A photograph of Esther Simpson

The Esther Simpson Building

The latest phase of the LUBS and School of Law Expansion project will pay tribute to the University of Leeds graduate, Esther Simpson.

Esther Simpson, who graduated from Leeds in 1924 with first class honours in French with German, spent nearly all her working life as secretary to the Academic Assistance Council (later, the Society for the Protection of Science and Learning – SPSL). She was awarded the OBE in 1956; the French Government made her Officier d’Académie; and after her retirement in 1966, she received two honorary doctorates, including one from Leeds in 1989.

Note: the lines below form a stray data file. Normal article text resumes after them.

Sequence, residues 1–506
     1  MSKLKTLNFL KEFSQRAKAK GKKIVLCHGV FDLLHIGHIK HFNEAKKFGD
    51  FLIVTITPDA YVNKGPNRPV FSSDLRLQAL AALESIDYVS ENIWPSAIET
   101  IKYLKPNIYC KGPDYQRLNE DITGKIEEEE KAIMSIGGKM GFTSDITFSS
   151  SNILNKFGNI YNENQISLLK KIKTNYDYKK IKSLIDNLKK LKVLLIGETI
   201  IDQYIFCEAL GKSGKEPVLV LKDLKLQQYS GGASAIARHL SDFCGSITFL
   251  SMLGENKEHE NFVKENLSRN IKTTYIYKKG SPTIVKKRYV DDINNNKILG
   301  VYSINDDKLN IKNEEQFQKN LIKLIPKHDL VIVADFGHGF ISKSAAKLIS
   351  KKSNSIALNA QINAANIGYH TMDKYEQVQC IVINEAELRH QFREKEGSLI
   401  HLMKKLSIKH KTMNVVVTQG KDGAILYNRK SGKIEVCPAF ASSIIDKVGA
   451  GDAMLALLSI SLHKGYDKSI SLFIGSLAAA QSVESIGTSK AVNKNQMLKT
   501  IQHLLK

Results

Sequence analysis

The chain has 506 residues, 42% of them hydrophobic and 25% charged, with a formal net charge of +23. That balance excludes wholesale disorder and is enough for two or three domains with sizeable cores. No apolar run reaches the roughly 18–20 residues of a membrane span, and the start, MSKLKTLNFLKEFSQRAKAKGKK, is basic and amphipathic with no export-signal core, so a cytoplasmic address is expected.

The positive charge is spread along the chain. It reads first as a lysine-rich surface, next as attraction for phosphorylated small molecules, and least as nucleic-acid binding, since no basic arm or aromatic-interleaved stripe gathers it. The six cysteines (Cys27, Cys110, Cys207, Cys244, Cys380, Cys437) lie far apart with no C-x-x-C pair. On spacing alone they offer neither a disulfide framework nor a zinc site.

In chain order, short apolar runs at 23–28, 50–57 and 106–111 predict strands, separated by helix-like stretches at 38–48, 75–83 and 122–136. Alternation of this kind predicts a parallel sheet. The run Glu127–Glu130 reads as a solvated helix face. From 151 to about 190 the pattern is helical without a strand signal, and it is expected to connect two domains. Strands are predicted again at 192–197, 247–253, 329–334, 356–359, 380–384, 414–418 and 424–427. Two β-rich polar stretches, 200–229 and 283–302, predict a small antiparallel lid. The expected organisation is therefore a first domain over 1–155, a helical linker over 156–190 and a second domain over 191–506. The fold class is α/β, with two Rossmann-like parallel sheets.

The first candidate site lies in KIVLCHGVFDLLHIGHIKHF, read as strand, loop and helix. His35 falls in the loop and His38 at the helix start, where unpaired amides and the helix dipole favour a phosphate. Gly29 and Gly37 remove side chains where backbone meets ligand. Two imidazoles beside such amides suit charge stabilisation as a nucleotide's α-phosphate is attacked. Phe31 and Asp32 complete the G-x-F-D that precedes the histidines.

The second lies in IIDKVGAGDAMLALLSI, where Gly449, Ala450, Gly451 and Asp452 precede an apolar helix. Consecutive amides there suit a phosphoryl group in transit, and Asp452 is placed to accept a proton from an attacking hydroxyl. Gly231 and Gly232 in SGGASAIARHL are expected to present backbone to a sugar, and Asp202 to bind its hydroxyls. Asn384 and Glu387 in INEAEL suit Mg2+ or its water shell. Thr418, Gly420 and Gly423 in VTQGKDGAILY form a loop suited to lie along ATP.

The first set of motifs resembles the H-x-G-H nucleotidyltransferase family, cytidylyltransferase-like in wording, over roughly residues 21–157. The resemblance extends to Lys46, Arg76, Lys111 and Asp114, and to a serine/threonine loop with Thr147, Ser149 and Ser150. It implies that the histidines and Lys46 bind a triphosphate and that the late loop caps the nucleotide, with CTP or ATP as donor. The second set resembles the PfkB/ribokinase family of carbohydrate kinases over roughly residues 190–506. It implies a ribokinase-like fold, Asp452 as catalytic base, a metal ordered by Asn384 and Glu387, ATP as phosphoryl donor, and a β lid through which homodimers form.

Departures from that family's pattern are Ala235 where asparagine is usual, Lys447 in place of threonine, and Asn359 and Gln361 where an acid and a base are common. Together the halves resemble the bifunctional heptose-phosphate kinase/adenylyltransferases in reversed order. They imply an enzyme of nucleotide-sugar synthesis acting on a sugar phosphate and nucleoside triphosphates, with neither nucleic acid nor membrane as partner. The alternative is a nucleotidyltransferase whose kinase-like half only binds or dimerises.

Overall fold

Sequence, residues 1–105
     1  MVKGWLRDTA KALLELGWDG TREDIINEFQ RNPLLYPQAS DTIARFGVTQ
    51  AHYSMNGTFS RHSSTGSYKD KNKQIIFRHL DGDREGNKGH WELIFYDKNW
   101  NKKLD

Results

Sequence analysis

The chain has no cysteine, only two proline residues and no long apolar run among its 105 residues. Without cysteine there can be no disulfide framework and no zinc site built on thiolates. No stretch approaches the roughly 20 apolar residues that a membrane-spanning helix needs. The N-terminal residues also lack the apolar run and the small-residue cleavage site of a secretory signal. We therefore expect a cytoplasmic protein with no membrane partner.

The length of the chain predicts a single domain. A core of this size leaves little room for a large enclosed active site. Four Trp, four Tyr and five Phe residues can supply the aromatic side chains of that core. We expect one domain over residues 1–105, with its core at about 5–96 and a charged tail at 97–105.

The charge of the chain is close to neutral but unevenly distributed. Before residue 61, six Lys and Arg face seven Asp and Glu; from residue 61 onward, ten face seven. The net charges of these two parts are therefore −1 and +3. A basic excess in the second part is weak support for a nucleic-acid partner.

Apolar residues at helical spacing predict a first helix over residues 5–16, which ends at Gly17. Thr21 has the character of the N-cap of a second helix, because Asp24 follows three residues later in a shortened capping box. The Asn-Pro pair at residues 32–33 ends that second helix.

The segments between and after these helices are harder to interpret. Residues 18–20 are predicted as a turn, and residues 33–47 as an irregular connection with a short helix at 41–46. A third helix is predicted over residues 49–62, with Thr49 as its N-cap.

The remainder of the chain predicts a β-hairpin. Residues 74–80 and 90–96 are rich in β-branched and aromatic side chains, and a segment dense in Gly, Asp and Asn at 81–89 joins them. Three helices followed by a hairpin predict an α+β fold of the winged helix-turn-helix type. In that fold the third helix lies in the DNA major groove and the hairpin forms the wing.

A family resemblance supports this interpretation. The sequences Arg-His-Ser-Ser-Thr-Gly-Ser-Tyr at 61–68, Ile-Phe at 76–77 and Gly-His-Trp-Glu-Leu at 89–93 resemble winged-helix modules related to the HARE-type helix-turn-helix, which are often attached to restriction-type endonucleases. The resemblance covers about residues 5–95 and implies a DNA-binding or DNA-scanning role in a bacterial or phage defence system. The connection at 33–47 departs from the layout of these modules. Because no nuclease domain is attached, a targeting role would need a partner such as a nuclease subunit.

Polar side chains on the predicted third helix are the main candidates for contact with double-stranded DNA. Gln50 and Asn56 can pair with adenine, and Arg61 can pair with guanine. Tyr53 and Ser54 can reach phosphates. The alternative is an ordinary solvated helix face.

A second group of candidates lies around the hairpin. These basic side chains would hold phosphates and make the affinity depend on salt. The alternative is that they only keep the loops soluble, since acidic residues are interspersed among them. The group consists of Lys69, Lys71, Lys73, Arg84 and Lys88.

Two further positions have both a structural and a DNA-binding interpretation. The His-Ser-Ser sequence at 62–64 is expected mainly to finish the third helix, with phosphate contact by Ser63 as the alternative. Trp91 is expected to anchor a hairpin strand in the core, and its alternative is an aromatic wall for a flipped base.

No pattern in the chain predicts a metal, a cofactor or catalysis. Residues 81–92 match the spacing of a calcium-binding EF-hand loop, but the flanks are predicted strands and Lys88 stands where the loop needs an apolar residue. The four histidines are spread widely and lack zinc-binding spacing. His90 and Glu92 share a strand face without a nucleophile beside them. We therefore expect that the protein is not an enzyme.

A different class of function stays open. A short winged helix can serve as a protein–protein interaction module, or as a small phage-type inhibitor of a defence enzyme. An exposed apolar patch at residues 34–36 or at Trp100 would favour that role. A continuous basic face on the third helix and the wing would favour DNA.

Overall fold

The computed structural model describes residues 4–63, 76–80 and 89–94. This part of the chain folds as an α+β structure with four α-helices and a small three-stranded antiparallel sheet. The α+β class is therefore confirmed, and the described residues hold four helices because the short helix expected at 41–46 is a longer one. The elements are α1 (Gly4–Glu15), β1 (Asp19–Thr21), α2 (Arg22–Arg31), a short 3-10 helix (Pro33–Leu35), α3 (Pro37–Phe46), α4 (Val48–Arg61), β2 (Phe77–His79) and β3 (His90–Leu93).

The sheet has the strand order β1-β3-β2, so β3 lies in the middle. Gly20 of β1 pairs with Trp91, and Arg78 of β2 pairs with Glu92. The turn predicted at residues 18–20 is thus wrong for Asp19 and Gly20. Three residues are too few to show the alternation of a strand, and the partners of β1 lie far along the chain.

In honour of her career, this new building is now officially called The Esther Simpson Building. It will be a new central teaching space for all to use and will provide technology-rich, flexible teaching spaces, lecture theatres, and trading rooms. Work began at the Lyddon Terrace site in Winter 2019 and is due to be completed in 2021.

Watch a fly-through of the Esther Simpson Building.